Antidote Relieves Scorpion Stings
Photo courtesy of J. Zirato, University of Arizona BioCommunications
“Once stung, twice shy” are words to live by in the Southwestern United States, where about 11,000 people a year are stung by scorpions in Arizona alone.
Though rarely life threatening, scorpion stings can be extremely painful, causing numbness and burning at the wound site. And there’s been little a victim could do to ease the pain.
Last year, the Food and Drug Administration approved the first treatment specifically for the sting of the Centruroides scorpion, the most common type in the United States.
The biologic treatment—called Anascorp—was given a priority review because adequate treatment did not exist in the United States, says Karen Midthun, M.D., director of the FDA’s Center for Biologics Evaluation and Research.
“This product provides a new treatment for children and adults and is designed specifically for scorpion stings,” Midthun says. “Scorpion stings can be life-threatening, especially in infants and children.”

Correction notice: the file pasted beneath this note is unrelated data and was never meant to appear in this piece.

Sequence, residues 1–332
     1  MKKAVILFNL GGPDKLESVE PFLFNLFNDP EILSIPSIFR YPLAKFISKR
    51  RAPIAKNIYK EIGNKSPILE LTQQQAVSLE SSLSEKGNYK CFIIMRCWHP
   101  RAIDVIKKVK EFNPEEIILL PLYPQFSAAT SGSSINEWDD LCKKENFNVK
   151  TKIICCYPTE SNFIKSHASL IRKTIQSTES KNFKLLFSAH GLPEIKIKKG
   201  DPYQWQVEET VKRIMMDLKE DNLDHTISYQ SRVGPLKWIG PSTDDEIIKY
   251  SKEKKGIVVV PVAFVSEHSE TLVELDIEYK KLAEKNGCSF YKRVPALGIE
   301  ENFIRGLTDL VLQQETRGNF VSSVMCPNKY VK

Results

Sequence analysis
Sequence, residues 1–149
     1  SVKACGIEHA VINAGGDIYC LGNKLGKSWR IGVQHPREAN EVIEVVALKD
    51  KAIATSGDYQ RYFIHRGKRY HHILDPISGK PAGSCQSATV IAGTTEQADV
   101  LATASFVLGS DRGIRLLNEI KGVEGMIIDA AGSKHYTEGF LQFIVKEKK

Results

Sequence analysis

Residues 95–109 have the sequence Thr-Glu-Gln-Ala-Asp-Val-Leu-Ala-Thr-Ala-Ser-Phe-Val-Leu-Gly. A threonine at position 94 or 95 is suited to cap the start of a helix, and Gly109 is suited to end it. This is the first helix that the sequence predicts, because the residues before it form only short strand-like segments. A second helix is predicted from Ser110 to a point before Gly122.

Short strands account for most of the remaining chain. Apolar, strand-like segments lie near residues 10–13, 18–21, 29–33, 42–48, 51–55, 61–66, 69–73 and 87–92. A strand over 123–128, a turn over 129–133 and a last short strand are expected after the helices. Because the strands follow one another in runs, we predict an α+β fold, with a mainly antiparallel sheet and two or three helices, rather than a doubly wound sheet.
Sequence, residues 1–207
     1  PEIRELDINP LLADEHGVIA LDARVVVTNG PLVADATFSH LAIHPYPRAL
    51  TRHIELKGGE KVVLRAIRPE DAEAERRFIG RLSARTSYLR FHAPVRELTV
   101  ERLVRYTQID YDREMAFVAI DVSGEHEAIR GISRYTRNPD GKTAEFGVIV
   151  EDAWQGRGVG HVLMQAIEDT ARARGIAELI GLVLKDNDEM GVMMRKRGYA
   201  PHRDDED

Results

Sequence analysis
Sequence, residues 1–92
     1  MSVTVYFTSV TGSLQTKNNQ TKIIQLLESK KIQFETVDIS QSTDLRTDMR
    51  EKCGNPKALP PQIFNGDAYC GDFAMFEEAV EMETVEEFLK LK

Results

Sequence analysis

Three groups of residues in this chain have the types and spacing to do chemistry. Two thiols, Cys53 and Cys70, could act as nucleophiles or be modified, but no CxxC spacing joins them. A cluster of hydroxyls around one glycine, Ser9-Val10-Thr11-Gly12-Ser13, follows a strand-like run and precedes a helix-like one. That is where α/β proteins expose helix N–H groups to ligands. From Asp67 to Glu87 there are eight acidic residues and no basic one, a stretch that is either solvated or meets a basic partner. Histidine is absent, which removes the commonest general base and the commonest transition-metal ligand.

Severe stings can cause loss of muscle control and difficulty breathing, requiring heavy sedation and intensive care in a hospital. Most often, it’s small children who experience severe reactions, but adults can be affected, too, says Keith Boesen, managing director of the Arizona Poison and Drug Information Center (APDIC).
Boesen says Arizona’s two poison centers document about 11,000 scorpion stings each year; 17,000 stings were reported to U.S. poison centers nationwide in 2009.
“We at the APDIC and University of Arizona College of Pharmacy are very excited (about Anascorp’s approval). I am proud of the expertise of the pharmacists and physicians working at the APDIC who helped make this research possible,” he says.
Anascorp was developed in Mexico and has been used there for many years, according to University of Arizona researchers who led the U.S. study of the drug. It’s made from the plasma of horses immunized with scorpion venom and vaccinated against viruses that could infect humans. Researchers began studying the drug in Arizona hospitals in 2004 and found it to be highly effective against the sting of the bark scorpion (also called the Arizona bark scorpion)—the most poisonous scorpion in the U.S.